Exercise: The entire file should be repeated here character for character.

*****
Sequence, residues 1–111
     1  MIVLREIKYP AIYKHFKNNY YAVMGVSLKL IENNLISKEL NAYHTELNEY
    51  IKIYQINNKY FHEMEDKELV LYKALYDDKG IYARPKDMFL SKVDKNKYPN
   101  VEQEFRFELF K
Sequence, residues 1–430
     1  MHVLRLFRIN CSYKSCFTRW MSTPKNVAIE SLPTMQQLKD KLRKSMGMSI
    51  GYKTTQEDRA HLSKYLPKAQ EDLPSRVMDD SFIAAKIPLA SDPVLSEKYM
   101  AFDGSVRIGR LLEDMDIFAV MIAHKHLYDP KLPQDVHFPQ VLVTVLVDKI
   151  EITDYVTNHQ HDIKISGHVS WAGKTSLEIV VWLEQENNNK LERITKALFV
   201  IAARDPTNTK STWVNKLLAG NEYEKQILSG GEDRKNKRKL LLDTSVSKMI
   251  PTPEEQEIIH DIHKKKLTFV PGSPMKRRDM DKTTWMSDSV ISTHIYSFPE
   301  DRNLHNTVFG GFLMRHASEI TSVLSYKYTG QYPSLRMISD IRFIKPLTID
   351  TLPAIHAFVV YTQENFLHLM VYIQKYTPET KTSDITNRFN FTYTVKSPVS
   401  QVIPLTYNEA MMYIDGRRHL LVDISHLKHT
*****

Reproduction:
Sequence, residues 1–111
     1  MIVLREIKYP AIYKHFKNNY YAVMGVSLKL IENNLISKEL NAYHTELNEY
    51  IKIYQINNKY FHEMEDKELV LYKALYDDKG IYARPKDMFL SKVDKNKYPN
   101  VEQEFRFELF K
Sequence, residues 1–430
     1  MHVLRLFRIN CSYKSCFTRW MSTPKNVAIE SLPTMQQLKD KLRKSMGMSI
    51  GYKTTQEDRA HLSKYLPKAQ EDLPSRVMDD SFIAAKIPLA SDPVLSEKYM
   101  AFDGSVRIGR LLEDMDIFAV MIAHKHLYDP KLPQDVHFPQ VLVTVLVDKI
   151  EITDYVTNHQ HDIKISGHVS WAGKTSLEIV VWLEQENNNK LERITKALFV
   201  IAARDPTNTK STWVNKLLAG NEYEKQILSG GEDRKNKRKL LLDTSVSKMI
   251  PTPEEQEIIH DIHKKKLTFV PGSPMKRRDM DKTTWMSDSV ISTHIYSFPE
   301  DRNLHNTVFG GFLMRHASEI TSVLSYKYTG QYPSLRMISD IRFIKPLTID
   351  TLPAIHAFVV YTQENFLHLM VYIQKYTPET KTSDITNRFN FTYTVKSPVS
   401  QVIPLTYNEA MMYIDGRRHL LVDISHLKHT